A great example of Cooper Aerobics’ commitment to helping members “Get Cooperized” is the Cooper Quest member wellness program, based upon Dr. Cooper’s eight-step process. The foundation of the program are five key health areas: body composition, blood work, cardiovascular fitness, functional fitness and stress management.
According to Brad Wilkins, the senior vice president of operations for Cooper Aerobics and chief operating officer of Cooper Wellness Strategies, the goal of the Cooper Quest program is to provide customers with a blueprint for how to become Cooperized.
“This program helps individuals quantify their health status and identifies the one thing for personal improvement that will drive maximum health benefits,” explained Wilkins. “Cooper Quest is currently being used in our commercial fitness facility, with corporate facility management clients and within our own company employee wellness program.”
Like all of Cooper Aerobics’ programs, Cooper Quest is backed by research and data spearheaded by the Cooper Institute and Cooper Clinic. Over the years, Cooper Aerobics has collected 3,000 unique data points on over 145,000 individuals — data which is used as a basis for studies, program construction and recommendations to clients.
“We are based in research, making us a trustworthy resource to consumers based on the fact that to this day we allow research to make a major impact in our decision making,” said Tyler.
This credibility draws visitors from all over the world to Cooper Aerobics’ sprawling campus. Combined, its seven unique entities make up a health and wellness oasis for those striving to live a better quality of life.
At the heart of this oasis is Cooper Fitness Center. The 50,000-square-foot lifestyle facility — which underwent a $7.4 million renovation and expansion in 2014 — serves approximately 3,765 members, records more than 20,000 visits every month, and holds around 30,000 personal training sessions per year.
Patrons of the medical-based fitness center have access to amenities such as: two heated, 25-yard, six-lane pools; a basketball court; mind/body, boxing and indoor cycling studios; a three-lane, banked-curve indoor track; four tennis courts; state-of-the-art equipment and more.
But the keys to Cooper Fitness Center’s success go far beyond its state-of-the-art equipment and programming. As is the case with all of the entities at Cooper Aerobics, the fitness center’s staff are the backbone of the client experience.
Currently, Cooper Fitness Center employs 28 professional fitness trainers. Training staff are required to have an undergraduate degree in exercise science or a related field, in addition to a national certification.
To ensure trainers are a great fit for the organization, Cooper Fitness Center boasts a professional training advisory board that vets all candidates being considered for a position. The hiring process includes a phone screen and in-person interviews with the advisory board. Prospects are also asked to present a case study to the group and lead a small group training class.
According to Mary Edwards, the director of fitness at Cooper Fitness Center, the hiring process can take between six to 10 months. “We want to ensure we make the right decision,” she said. “You make a career out of what you’re doing here. Our trainers come and they stay. To get a job here is a huge accomplishment [in the industry].”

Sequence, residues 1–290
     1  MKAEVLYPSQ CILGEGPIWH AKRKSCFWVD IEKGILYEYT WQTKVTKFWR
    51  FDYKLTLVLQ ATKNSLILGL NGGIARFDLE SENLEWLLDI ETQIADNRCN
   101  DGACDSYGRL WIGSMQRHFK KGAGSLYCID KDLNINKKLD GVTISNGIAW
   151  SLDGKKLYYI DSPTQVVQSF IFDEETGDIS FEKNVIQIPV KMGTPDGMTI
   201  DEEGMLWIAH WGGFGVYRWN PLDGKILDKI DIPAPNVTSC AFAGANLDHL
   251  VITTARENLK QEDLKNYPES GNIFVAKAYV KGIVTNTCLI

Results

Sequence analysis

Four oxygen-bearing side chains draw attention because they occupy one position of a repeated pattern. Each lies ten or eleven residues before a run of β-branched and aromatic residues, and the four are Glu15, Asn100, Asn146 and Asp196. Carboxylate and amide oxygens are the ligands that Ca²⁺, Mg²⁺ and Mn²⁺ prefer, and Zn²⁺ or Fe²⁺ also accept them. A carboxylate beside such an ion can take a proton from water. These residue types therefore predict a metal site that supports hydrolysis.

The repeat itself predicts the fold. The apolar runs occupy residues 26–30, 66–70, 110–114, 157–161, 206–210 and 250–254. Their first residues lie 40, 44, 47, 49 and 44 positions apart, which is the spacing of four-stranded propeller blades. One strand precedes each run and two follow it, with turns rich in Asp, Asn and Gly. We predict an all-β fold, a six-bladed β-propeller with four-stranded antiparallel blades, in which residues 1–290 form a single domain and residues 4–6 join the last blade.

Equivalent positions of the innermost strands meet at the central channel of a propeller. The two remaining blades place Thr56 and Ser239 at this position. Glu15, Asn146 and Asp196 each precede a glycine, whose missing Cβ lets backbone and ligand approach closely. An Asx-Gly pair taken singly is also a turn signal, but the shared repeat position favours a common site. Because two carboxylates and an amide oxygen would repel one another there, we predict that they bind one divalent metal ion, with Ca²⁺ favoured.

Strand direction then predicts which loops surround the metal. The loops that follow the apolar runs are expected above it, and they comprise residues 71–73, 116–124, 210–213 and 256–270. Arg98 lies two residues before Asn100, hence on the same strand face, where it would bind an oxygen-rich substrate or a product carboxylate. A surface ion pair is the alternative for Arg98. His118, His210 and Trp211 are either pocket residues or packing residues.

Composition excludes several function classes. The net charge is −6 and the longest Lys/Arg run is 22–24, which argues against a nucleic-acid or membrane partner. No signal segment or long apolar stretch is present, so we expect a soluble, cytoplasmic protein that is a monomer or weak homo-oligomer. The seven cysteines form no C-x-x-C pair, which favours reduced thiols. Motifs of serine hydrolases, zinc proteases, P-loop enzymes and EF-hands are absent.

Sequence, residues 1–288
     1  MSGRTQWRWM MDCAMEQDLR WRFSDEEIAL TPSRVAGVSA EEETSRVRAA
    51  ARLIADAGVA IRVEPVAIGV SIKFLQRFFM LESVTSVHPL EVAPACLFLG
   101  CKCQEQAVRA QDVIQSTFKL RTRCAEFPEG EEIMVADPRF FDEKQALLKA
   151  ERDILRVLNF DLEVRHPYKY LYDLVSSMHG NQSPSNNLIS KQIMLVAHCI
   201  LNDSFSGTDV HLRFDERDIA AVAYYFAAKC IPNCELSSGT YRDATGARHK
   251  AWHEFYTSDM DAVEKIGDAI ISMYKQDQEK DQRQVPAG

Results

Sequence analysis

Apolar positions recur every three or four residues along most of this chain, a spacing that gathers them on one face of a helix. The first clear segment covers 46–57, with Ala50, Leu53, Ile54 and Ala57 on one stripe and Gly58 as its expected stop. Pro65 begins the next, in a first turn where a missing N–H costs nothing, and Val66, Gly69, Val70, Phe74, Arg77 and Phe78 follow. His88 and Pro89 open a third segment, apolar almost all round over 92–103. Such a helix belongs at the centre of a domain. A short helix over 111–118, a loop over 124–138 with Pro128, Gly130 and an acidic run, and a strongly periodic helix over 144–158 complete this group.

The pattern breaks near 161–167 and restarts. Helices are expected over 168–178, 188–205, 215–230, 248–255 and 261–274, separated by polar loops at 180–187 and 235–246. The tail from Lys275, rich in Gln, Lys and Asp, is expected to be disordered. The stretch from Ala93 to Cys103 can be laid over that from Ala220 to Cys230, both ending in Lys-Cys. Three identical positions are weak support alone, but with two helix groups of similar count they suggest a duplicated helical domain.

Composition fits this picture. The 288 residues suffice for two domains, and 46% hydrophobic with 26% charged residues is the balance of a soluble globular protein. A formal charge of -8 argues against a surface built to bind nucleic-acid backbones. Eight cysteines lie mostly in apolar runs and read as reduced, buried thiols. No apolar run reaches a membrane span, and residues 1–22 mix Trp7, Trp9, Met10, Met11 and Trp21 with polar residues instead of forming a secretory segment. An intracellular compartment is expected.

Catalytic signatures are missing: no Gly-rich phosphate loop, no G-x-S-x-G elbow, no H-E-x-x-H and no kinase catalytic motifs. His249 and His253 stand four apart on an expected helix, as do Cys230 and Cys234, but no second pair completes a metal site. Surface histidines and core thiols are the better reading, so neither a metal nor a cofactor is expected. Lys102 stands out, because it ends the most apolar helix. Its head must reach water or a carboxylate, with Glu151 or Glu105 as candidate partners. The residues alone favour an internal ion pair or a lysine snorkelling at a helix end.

In addition to high-quality staff, the final ingredient to Cooper Aerobics’ success is a dash of divine intervention — according to Dr. Cooper. Although today the business is flourishing, over the years it has faced a number of challenges threatening its viability.
For example, in 1981, a fire completely destroyed Cooper Fitness Center. “I was interviewed that day and told them I’d build it back bigger and better,” recalled Cooper. “And by God’s grace, we built it back bigger and better.”
A second major trial came in 1988. Amidst a two-year financial crisis in Texas, the bank Dr. Cooper had borrowed $15 million from to fund the fitness center failed, and was taken over by a new, out-of-state bank. Despite the fact Dr. Cooper had never missed a payment, the new lender called the loan early, and devalued the Cooper Aerobics property by millions.
Dr. Cooper fought the bank in court for three years, racking up $600,000 in attorney fees in an attempt to save the business he’d poured his heart and soul into. During that time he received four foreclosure notices.
“The anxiety and fear I felt during that time were horrendous,” said Dr. Cooper. “Finally I was able to restructure the note and pay off the bank, and in 2004 we burned the mortgage on the aerobics center. That was divine intervention.”
Fortunately, those challenges lie firmly in the rearview mirror. Today, Cooper Aerobics is laser-focused on the future and working on a number of exciting projects, including the organization’s first foray with international expansion, through the Cooper Aerobics Health and Wellness Center in Nanjing, China.
No matter where the future leads them, Cooper Aerobics’ foundation in preventive medicine will remain central. That, and an emphasis on relationships and improving the lives of those it serves.
“We’ve really promoted the concept of customer service that’s been lost in medicine and lost in gyms,” said Dr. Cooper. “It’s extremely important to us. That’s the key to success — the relationship you have with your clients and patients. If people realize they have a need and you provide a service so they get the results they want, that will make you succeed in any field.”